Democracy and the Weimar Republic

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is the form of government that has come to prevail in the majority of states at the beginning of the Twenty First Century. Democracy means ‘rule by the ’ and was first tried in some of the city-states of Ancient Greece. The essential point of democracy is that people are able to who they wish to be their rulers.

In 1919, Germany became democratic for the first time. Up until the end of the First World War, Germany had been ruled by the . Kaiser Wilhelm II abdicated and government passed from royal hands to an elected government known as the Weimar Republic. This was so-called because the German capital, Berlin was under the control of and the new government was forced to meet in Weimar instead.

Friedrich Ebert President of Weimar Republic
The Weimar Republic was a democracy. The German people voted for Members of Parliament to represent them in Parliament (). The political party that gained a majority large enough to win votes formed the . The leader of that party became the Prime Minister () and ministerial posts were given to other prominent members of the party. To keep a check on the actions of the new government, a head of state () was elected. This person did not run Germany on a day to day basis that was the Chancellor’s job. The relationship between Chancellor and President was similar to the relationship between Monarch and Prime Minister in the UK today. In 1933 Hitler took both positions (President and Chancellor) illegally, and gave himself the title of .

Weimar Constitution
The Weimar Republic faced many problems. One of the worst was the fact that German political parties found it difficult to win enough to gain an overall majority in the Reichstag. This meant that whenever there was a vote, to pass a new law for instance, no single political party had enough MPs to push a law through on its own. The Weimar Republic had too many political parties representing relatively small sections of the . What was needed were fewer parties with widespread appeal so that one could get enough support to form a strong government that could pass laws and make changes to the benefit of the German people. The solution to this problem was for political parties to make i.e. share power. The problem was that these coalitions were often temporary and they found it difficult to agree.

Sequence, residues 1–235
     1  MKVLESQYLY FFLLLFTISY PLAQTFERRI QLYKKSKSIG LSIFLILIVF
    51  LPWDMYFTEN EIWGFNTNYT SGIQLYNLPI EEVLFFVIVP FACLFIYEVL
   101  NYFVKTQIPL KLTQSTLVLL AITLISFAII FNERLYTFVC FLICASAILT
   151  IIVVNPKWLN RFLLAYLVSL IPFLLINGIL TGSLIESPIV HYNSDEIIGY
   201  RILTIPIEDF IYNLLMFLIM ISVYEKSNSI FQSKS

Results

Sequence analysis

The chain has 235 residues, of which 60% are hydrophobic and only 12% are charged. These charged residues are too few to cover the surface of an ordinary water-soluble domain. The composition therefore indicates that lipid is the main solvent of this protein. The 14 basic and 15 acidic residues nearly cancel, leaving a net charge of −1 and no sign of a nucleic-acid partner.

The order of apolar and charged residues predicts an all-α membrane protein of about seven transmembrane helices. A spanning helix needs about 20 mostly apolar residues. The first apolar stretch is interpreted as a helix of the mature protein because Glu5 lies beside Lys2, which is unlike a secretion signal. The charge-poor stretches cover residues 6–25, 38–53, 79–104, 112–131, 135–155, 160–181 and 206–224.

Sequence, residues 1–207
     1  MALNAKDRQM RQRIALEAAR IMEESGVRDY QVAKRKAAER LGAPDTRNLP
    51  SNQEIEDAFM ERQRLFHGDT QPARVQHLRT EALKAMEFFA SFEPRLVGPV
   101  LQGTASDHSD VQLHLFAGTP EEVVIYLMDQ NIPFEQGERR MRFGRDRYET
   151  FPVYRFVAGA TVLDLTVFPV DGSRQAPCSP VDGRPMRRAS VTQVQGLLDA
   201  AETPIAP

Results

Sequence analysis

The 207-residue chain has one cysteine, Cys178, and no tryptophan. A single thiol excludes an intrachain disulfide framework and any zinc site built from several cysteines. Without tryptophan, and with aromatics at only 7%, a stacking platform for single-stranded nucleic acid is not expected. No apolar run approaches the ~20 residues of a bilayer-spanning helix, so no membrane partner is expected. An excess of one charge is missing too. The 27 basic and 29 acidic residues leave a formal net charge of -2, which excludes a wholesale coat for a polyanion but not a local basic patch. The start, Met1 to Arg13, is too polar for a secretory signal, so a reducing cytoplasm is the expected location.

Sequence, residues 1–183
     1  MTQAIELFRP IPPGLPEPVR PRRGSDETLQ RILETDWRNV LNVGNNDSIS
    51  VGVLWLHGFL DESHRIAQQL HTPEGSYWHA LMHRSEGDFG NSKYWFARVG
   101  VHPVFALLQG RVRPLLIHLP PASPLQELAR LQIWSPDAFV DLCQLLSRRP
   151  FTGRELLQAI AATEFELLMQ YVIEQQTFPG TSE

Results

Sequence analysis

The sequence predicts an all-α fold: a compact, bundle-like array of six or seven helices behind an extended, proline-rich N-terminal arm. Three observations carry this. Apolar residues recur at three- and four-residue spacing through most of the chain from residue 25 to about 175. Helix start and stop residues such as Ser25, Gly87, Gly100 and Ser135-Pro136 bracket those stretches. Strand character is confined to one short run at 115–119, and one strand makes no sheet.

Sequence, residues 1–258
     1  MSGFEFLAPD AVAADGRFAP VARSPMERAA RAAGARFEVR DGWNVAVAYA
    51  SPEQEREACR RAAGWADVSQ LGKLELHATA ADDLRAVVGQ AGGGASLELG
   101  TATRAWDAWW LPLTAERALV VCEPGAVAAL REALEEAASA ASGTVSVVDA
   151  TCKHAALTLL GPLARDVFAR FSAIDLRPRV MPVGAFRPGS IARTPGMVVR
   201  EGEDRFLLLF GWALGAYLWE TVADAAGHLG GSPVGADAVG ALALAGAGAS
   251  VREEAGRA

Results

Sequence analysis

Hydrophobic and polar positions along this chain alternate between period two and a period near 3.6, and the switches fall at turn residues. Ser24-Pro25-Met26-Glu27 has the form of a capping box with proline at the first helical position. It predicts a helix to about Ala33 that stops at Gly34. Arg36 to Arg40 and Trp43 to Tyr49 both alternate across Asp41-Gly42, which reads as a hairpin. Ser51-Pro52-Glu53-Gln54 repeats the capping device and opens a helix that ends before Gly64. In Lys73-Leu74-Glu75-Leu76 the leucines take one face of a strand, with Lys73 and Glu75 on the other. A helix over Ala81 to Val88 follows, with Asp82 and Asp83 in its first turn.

Another problem was that the Weimar Republic was generally blamed for surrendering in 1918 and signing the Treaty of . Many political extremists, particularly the right-wing groups such as the Nazis, picked up this theme. Germany had no of democracy in 1919 and there was no reason to suggest at this point that it would survive for long. The Weimar Republic faced serious competition from Communist, left-wing revolts in major cities such as Berlin and from right-wing, paramilitary groups such as the who were supported by wandering bands of ex-servicemen called . To compound the mess Germany faced severe difficulties that made many ordinary Germans look to strong extremist groups to solve Germany’s problems rather than to the relatively weak, but moderate and democratic Weimar Republic.

Despite these difficulties, the Weimar Republic began to enjoy some success under Gustav who dominated it from 1923-1929. However, democracy in Germany was far too weak to survive the mortal blow that was inflicted by the world-wide economic depression that was caused by the Wall St. Crash of . Germany suffered badly and by 1933, many Germans were prepared to the Nazis even if it meant an end to democracy.

Democracy had triumphed in 1918. By 1939 there were very few democracies left in Europe and the rest of the world. Communists and fascists had delivered credible alternatives and democracy was viewed as weak and out-dated by many. The dark days of the mid-century crisis seemed to indicate that democracy had failed and would be swept away. Nevertheless democracy survived and by the end of the century it had become the political ideal once more.